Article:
New York court rules state sex offender law trumps municipal ordinances

New York court rules state sex offender law trumps municipal ordinances

[JURIST] The New York Court of Appeals [official website] on Tuesday ruled [text, PDF] that state laws governing the residency restrictions for sex offenders take precedence over local municipal ordinances. In People v. Diack, the court ruled unanimously that the state’s regulations are sufficient in prohibiting high-level sex offenders from living within 1,000 feet of places where children are likely to gather, such as parks and schools.

[A] local government’s police power is not absolute. When the State has created a comprehensive and detailed regulatory scheme with regard to the subject matter that the local law attempts to regulate, the local interest must yield to that of the State in regulating that field.

Michael Diack was a low-level offender who was no longer on probation under New York state law, but was charged with violating a Nassau County residency restriction when he moved within 500 feet of a school. The court affirmed the position that the growing number of local ordinances are preempted by state laws.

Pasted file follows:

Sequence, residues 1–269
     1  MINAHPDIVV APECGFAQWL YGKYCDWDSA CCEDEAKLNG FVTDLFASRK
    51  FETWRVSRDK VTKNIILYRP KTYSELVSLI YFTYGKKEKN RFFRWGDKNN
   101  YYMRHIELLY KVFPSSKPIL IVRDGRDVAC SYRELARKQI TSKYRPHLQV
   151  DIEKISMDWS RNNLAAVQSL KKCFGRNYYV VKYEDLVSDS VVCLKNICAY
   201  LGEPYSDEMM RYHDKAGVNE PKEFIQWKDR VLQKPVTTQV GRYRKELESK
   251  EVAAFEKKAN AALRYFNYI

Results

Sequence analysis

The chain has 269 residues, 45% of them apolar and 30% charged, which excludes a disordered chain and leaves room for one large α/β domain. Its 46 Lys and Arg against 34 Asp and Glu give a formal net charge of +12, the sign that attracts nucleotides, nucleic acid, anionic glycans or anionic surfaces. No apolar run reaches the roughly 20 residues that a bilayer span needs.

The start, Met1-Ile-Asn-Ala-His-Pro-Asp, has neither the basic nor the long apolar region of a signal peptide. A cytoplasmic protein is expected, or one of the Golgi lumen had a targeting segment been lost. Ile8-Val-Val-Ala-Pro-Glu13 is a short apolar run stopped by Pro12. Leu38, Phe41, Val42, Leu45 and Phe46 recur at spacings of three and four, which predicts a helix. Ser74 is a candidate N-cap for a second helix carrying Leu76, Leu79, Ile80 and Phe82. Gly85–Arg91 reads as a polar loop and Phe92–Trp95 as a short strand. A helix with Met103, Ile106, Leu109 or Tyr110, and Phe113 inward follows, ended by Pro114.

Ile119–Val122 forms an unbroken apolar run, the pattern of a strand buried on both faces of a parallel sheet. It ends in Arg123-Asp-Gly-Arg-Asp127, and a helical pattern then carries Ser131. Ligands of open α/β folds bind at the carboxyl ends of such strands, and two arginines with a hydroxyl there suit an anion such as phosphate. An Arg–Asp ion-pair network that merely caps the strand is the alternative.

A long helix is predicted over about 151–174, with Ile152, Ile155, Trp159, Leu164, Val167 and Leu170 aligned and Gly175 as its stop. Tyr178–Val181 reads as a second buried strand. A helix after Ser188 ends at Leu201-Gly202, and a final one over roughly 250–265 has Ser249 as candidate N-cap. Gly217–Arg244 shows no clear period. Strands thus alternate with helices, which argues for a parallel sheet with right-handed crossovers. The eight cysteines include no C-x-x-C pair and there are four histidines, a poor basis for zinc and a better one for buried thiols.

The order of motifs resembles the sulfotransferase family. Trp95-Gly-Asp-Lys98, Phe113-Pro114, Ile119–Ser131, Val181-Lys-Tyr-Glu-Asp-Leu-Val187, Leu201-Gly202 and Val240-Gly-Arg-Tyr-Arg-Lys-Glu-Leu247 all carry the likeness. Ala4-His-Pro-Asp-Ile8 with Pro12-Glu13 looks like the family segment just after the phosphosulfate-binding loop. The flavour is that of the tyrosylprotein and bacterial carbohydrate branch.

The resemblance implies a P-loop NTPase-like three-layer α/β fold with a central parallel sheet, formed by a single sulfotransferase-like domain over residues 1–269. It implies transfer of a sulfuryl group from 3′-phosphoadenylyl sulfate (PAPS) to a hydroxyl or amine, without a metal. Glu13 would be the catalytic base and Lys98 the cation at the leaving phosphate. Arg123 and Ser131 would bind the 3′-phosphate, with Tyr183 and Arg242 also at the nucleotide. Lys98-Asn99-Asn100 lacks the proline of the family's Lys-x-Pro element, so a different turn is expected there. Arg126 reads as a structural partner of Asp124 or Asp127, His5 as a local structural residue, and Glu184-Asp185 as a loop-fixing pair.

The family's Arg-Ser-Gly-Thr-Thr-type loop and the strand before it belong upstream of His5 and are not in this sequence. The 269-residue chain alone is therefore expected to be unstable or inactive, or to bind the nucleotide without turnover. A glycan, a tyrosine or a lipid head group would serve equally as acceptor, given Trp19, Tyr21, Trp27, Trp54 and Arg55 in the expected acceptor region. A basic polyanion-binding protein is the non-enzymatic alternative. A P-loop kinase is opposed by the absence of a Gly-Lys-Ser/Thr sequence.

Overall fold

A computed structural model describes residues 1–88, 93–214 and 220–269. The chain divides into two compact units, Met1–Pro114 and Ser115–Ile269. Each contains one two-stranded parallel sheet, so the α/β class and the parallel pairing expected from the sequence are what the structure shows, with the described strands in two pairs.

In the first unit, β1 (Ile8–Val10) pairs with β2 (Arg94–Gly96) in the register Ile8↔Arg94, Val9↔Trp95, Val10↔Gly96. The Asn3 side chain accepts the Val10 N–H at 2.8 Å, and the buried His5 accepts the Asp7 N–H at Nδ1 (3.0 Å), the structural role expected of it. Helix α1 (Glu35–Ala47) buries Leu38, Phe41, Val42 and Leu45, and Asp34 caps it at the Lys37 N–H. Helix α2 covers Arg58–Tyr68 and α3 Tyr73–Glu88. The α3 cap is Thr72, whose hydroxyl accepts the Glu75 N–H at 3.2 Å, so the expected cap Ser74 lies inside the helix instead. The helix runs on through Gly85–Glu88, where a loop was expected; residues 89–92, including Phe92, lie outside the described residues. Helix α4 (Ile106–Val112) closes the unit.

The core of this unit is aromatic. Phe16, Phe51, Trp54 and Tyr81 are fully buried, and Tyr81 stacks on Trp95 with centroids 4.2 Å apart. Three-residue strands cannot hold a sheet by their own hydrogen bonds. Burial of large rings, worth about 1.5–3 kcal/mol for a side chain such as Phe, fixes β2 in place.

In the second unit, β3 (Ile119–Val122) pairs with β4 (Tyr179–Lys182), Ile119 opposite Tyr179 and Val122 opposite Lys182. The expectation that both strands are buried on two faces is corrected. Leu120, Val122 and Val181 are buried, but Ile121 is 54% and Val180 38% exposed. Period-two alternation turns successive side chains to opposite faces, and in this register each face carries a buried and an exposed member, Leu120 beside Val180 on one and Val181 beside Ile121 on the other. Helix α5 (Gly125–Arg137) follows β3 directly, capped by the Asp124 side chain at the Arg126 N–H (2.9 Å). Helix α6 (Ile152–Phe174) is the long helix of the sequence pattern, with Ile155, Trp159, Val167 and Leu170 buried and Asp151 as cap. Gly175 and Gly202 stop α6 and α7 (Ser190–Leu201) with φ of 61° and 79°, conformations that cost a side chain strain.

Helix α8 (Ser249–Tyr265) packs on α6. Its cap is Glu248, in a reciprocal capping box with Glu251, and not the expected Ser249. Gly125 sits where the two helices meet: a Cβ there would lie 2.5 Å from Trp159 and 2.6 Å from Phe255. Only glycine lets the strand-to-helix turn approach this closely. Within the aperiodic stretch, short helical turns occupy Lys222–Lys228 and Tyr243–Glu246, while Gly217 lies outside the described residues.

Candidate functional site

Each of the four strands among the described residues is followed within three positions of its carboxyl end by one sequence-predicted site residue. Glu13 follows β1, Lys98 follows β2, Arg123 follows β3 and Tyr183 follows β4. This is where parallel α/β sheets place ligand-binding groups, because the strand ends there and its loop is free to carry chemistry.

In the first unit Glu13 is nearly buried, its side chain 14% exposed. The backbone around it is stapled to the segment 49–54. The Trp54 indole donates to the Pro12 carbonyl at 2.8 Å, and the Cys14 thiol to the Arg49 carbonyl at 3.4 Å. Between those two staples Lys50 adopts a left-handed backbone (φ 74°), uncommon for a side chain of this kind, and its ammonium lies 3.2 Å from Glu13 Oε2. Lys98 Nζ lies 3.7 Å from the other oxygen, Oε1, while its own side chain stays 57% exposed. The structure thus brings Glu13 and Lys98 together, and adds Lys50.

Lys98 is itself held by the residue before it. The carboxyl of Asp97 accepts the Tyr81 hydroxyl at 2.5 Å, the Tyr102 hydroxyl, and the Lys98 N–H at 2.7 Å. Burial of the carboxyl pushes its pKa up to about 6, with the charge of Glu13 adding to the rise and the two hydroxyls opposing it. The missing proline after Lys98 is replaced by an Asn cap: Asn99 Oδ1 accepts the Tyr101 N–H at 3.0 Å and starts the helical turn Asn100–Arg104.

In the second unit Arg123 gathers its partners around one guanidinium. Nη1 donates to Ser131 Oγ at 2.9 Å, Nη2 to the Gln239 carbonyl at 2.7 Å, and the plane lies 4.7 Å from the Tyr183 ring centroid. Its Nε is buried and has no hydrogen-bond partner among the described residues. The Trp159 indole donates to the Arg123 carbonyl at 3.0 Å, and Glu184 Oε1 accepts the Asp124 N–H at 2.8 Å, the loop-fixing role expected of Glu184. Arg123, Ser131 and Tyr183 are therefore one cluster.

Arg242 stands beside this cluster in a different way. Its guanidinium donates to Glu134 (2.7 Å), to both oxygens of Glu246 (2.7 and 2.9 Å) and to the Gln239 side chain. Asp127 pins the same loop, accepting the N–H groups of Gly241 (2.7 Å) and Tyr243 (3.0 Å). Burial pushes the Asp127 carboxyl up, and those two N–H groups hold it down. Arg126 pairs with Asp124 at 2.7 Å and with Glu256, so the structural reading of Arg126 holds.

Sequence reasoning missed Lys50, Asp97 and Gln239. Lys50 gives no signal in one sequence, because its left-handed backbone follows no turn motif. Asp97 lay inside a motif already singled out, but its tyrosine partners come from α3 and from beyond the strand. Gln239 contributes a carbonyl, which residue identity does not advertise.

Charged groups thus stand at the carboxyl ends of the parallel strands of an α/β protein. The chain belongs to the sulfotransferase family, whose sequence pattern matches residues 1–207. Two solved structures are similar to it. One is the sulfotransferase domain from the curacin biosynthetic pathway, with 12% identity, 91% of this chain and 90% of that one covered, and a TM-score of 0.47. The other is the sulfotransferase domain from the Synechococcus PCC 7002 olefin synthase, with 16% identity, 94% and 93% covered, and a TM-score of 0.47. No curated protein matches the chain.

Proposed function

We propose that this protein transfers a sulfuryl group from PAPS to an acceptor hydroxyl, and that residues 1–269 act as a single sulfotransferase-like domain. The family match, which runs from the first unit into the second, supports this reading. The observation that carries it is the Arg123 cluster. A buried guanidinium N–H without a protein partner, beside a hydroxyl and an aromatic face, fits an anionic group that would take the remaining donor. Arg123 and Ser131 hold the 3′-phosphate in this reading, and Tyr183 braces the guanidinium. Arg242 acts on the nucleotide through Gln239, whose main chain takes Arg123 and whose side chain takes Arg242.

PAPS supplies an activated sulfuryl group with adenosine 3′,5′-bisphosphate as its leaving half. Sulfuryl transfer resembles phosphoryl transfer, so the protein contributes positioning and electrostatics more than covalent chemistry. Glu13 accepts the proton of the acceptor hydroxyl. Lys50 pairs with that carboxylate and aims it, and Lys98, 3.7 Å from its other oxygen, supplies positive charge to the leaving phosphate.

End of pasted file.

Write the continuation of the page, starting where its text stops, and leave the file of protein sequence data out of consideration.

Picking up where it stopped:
A number of changes in the sex-offender registry system have taken place across the country. The Pennsylvania Supreme Court [official website] ruled [JURIST report] 5-1 last month that the requirement that all sex offenders who were juveniles at the time of their crimes must remain on the Megan’s Law Registry for life is unconstitutional. In September 2014 a divided New Jersey Supreme Court [official website] ruled [JURIST report] that requiring a sex offender to wear a GPS tracking device after he has completed his sentence violates the federal and state constitutions. In June 2013 the US Supreme Court [official website] ruled [JURIST report] that the federal government can compel a convicted sex offender to register under the Sex Offender Registration and Notification Act of 2006 (SORNA) [text; JURIST news archive] even if the offender completed his sentence before SORNA was enacted. In February 2009 a judge in the US District Court for the Eastern District of California [official website] held that the statute violates the Commerce Clause [text] of the US Constitution by making it a federal crime for a sex offender to move to another state while failing to register in a nationwide database. Sex offender laws have been increasingly criticized [JURIST report] for limiting residence options and promoting ostracization.